So I must apologize for my lack of blogging and being behind schedule. I am currently typing this on June 13th, and I’m not sure when I will be able to post this article. So in the interest of catching up, and because not much happened these four days, I’m going to lump these days together. So, sorry for any confusion.
When we returned from our cultural excursion, we began taking inventory of the tasks we still needed to complete. We concluded that our priority was to finish work on the tank. We wanted to somehow clean the inside of the tank, since someone had left the cover off during our absence. We also wanted to install some sort of overflow mechanism, so that if the pump was left running too long, the water could exit the tank without blowing the lid off. It is important to monitor the water level at all times, so we wanted to install clear tubing that would indicate the water level. Eventually we designed a pipe that could serve as an overflow and level indicator as well as include a valve for draining the tank.
Another priority was to prepare the business for startup. We needed to write manuals for each of the components of manufacturing so that whoever is employed could maintain these systems without us. We also need to establish systems for sustaining the day-to-day business operations by creating procedures for everything from accounting to cleaning the facilities. Also, at some point in our stay, we needed to purchase furniture and office supplies to transform our empty building to a respectable business.
In accomplishing these tasks, these four days weren’t very productive. One day we went to Kumasi to purchase equipment for the overflow pipe. We found most of the supplies but could never find any clear tubing. We decided to make do with 2 foot piece we had left over from the sachet machine installation. We would use about one foot at each end of 7 foot-long pipe so that we can at least see when the tank is almost full and almost empty. We assembled our pipe with drain valve but could not install it until the tank was drained. We planned to drain the tank on Friday. We chose this day because we could get Francis to send us supplies from Accra, and we had enough time to announce to the community that the well would be inoperable. Until that time we prepared by assembling the pipe attachments, digging a trench for the access water in the tank, and making sure we had taken all precautions so that the communities water source could be functional again as soon as possible.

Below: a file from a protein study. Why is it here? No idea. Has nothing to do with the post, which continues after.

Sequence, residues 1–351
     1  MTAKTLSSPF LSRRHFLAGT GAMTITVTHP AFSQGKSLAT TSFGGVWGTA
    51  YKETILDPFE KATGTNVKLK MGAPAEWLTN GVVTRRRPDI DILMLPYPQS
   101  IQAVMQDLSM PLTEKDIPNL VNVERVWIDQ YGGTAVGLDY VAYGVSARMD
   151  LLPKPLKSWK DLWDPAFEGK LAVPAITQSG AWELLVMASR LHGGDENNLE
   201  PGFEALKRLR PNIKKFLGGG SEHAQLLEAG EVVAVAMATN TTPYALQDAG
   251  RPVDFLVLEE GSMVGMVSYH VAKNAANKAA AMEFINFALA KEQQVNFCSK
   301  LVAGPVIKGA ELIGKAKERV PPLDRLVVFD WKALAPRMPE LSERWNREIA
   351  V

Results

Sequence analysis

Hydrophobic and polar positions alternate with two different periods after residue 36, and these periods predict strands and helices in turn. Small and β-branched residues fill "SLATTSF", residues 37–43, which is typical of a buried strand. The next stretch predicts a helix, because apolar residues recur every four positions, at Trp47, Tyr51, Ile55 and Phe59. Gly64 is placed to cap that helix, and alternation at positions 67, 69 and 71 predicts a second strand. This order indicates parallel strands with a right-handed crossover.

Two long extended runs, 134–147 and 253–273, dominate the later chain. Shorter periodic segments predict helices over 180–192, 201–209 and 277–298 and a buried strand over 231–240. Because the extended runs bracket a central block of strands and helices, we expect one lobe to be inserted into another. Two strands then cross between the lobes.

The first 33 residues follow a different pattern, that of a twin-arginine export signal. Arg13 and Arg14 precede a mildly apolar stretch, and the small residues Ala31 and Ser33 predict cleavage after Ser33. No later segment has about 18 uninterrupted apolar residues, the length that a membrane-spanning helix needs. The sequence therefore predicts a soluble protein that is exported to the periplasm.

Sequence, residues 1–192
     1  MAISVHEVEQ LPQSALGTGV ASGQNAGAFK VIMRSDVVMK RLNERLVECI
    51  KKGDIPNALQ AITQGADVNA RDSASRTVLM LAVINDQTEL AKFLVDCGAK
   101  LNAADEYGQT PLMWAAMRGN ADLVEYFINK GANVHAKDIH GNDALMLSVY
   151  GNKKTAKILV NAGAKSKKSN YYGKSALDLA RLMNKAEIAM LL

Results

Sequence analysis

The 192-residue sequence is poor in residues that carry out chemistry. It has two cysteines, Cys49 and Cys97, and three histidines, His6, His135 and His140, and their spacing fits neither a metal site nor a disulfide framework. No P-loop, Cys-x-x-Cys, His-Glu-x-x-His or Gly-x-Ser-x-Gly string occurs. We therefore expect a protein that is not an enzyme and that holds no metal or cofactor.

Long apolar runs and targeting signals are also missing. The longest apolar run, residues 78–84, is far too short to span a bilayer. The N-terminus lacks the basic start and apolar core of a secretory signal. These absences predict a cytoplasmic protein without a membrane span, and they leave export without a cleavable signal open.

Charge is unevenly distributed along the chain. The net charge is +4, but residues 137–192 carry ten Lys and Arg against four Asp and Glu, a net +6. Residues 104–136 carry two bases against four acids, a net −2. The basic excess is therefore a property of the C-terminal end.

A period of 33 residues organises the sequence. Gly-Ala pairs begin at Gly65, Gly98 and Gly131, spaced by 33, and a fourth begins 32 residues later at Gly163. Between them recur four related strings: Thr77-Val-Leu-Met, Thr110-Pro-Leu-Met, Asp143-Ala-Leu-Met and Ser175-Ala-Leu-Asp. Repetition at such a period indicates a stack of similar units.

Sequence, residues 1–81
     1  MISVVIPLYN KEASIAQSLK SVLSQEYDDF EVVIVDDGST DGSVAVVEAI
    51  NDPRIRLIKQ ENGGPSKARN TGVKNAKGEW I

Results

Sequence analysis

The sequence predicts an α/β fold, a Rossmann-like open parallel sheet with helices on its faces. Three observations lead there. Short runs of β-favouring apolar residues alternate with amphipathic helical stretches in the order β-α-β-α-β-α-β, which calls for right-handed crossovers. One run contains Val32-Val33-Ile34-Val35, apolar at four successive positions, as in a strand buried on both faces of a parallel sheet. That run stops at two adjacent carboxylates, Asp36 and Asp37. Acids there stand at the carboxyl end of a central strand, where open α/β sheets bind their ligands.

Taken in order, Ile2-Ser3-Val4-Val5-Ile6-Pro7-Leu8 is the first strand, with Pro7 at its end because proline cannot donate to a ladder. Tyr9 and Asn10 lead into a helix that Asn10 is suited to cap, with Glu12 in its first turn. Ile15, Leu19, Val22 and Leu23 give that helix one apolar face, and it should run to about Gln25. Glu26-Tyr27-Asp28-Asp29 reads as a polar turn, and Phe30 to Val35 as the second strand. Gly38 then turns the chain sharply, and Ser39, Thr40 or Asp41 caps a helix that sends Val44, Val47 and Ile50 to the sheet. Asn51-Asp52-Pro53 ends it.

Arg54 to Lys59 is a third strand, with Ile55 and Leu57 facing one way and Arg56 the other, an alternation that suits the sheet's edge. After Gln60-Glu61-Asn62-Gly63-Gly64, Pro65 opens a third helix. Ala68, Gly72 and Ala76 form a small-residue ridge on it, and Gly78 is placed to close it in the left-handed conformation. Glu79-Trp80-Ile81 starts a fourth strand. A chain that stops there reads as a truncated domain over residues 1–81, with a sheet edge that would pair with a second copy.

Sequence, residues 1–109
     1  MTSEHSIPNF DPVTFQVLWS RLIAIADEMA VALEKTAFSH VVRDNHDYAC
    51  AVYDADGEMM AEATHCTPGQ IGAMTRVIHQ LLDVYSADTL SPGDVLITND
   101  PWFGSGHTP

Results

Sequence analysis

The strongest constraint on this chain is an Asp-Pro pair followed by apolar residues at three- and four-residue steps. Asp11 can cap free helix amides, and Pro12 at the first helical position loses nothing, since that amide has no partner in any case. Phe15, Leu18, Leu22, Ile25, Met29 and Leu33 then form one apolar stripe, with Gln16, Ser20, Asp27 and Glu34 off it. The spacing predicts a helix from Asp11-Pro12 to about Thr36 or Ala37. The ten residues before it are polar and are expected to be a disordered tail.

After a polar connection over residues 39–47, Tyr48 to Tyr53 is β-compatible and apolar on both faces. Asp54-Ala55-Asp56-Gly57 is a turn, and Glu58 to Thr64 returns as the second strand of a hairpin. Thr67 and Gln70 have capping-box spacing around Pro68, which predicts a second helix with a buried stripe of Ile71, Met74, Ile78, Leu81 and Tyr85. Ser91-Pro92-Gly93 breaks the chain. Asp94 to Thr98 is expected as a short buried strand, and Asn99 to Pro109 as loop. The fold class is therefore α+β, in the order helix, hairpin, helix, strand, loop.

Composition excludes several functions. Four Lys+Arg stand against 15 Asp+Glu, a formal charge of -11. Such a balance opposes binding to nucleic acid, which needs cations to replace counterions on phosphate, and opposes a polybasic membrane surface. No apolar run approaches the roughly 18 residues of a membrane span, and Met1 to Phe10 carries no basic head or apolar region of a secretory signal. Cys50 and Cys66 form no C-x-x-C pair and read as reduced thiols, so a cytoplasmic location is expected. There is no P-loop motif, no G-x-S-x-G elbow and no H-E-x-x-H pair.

On a side note, our companion team, the Sawdust Initiative, would be leaving early Friday morning. Thursday evening, we had dinner with them and spent the night hanging out. We would see some of them again during the school year, however some of the graduates may never see each other again.
That’s about all from these four days. I promise Friday will be much more exciting.